Asia-Pacific Population Research Reports

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Asia-Pacific Population Research Reports provide an informative discussion of research on important population issues facing the Asia Pacific region. They are intended for social and health scientists, policymakers, program managers, and the interested public. Funding is provided by the United States Agency for International Development (USAID).

The East-West Center ScholarSpace community contains digital versions of just some of the several thousand books, periodicals, and unpublished papers generated by the Center over the past 50 years. Find a complete list of recent East-West Center publications and learn how to obtain them at . Search for recent and older works from 1960 - present using the Center's library catalog at


Recent Submissions

Now showing 1 - 6 of 6
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    Evaluation of the 1993-94 Bangladesh Demographic and Health Survey within the Matlab area
    (Honolulu, HI : East-West Center, Program on Population, 1997) Bairagi, Radheshyam ; Becker, Stan ; Kantner, Andrew ; Allen, Karen B. ; Datta, Ashish ; Purvis, Keith
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    Asia's recent fertility decline and prospects for future demographic change
    (Honolulu, HI : East-West Center, Program on Population, 1995-01) Freedman, Ronald
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    How Japan and the newly industrialized economies of Asia are responding to labor scarcity
    (Honolulu, HI : East-West Center, Program on Population, 1995-03) Bauer, John G.
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    Is the situation of women in Asia improving or deteriorating?
    (Honolulu: East-West Center, 1995) Mason, Karen Oppenheim
    Using several indicators of status, this report assesses Asian women's situation, especially in relation to men, in a variety of economic and cultural settings. Where possible, it describes changes in their situation during the last three to four decades and notes tendencies toward improvement or degradation according to a society's development level. The evidence reviewed indicates that despite economic development, a society's social and cultural traditions can have an enduring impact on women's lives. Nevertheless, in most part of Asia, women today appear to be better off than their counterparts of 20-30 years ago. The corresponding Asia-Pacific Population Research Abstract is available as a PDF file.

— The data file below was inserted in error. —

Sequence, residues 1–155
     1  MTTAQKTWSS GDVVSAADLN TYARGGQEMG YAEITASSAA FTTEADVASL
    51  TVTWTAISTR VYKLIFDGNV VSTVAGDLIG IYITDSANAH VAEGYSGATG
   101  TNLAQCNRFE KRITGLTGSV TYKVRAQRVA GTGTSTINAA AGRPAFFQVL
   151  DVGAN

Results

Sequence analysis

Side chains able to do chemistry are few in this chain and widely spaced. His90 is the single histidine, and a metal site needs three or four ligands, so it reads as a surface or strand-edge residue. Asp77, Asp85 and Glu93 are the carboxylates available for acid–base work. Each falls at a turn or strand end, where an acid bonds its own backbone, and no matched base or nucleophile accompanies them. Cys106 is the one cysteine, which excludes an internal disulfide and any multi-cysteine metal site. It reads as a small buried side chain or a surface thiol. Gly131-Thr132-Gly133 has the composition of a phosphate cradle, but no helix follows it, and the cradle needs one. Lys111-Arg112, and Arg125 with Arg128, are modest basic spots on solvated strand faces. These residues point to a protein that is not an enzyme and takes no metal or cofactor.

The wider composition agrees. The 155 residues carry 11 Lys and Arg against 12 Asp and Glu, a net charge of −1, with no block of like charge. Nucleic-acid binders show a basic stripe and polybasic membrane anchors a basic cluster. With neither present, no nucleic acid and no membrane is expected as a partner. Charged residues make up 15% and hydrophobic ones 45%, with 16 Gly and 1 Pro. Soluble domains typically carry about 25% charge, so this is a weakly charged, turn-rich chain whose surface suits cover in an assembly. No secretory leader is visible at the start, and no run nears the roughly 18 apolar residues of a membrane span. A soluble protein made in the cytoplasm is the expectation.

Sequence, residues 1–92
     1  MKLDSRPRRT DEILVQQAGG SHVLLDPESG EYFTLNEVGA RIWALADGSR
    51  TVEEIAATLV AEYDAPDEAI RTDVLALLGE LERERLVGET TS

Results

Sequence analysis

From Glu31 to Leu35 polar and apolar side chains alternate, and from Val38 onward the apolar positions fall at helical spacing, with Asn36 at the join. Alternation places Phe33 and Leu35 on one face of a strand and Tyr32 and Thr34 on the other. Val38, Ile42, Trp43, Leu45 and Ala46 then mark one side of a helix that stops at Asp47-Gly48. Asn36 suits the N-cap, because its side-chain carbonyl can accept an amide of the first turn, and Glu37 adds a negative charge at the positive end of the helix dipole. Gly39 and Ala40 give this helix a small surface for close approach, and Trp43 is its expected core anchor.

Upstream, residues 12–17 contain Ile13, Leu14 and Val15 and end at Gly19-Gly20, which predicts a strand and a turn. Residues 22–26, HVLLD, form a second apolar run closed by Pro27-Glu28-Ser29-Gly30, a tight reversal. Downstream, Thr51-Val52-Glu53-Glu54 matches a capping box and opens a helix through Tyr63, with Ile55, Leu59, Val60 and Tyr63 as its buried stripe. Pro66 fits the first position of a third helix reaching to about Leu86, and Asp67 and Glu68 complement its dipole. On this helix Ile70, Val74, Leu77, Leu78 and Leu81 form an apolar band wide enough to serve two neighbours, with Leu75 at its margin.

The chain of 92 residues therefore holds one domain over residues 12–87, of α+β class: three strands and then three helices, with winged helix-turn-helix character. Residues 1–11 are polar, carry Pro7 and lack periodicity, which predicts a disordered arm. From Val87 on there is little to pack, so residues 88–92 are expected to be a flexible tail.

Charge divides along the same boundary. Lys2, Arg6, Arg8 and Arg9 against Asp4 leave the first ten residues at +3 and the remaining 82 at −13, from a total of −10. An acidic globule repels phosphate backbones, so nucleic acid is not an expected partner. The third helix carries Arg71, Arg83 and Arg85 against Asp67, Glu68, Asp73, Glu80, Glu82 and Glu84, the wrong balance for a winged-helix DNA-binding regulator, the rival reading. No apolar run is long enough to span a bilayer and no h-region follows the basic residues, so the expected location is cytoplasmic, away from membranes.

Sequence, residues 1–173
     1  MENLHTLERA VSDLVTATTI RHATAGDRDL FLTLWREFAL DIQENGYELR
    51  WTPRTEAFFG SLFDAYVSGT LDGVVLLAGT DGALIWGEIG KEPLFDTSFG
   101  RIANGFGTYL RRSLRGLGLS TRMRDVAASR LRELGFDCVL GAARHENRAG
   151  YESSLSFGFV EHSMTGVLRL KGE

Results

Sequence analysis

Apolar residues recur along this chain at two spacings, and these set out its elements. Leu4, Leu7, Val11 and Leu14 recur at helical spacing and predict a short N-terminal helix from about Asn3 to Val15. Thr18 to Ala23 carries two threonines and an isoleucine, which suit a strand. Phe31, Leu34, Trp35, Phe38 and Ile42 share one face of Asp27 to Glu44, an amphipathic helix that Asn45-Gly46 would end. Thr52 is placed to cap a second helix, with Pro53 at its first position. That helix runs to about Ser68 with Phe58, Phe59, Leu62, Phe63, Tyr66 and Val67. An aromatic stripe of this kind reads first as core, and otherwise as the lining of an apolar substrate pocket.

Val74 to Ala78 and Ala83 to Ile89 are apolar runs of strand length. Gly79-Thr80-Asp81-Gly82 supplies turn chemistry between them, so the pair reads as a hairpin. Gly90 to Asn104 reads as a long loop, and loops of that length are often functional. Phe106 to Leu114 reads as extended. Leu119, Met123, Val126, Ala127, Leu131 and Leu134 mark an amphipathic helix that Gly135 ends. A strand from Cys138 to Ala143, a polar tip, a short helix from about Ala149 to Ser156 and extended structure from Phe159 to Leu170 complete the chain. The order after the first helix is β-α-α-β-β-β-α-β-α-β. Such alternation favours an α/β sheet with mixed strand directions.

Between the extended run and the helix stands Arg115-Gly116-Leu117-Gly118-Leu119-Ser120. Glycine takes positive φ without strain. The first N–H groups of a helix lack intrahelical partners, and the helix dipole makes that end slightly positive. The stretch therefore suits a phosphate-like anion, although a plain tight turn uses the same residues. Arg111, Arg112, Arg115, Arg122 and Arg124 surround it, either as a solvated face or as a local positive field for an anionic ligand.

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    What can we say about fertility trends in Bangladesh? : an evaluation of the 1991 population census
    (Honolulu: East-West Center, 1995) Kantner, Andrew ; Lerman, Charles ; Yusuf, Mohammed
    Although evidence from various sources indicates that fertility has fallen substantially in Bangladesh, actual fertility levels remain uncertain. This report provides an assessment of the 1991 population census and discusses fertility levels and trends implied by the census and other recent sources of information, including the previous census, the 1989 Bangladesh Fertility Survey, and the 1991 Contraceptive Prevalence Survey. The corresponding Asia-Pacific Population Research Abstract is available as a PDF file.
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    The changing demographic and social profile of youth in Asia
    (Honolulu: East-West Center, 1998) Xenos, Peter ; Kabamalan, Midea
    Data on recent demographic and social changes in Asia indicate how a permanent demographic transition from high to low fertility gives rise to a transitional, temporary, but quite predictable youth bulge. The 15- 24-year-old age group grows from about 16-18 percent of the total population to about 20-24 percent, then subsides to the pretransitional level some 30 years after the onset of fertility decline, and finally rests at a stable level of about 12 percent. Social elements of this youth transition include a shift to later marriage, rising school enrollment, changes in labor force participation, and changes in sexual behavior. These changes, and the pace at which they occur, have important implications for social policy. The corresponding Asia-Pacific Population Research Abstract is available as a PDF file.
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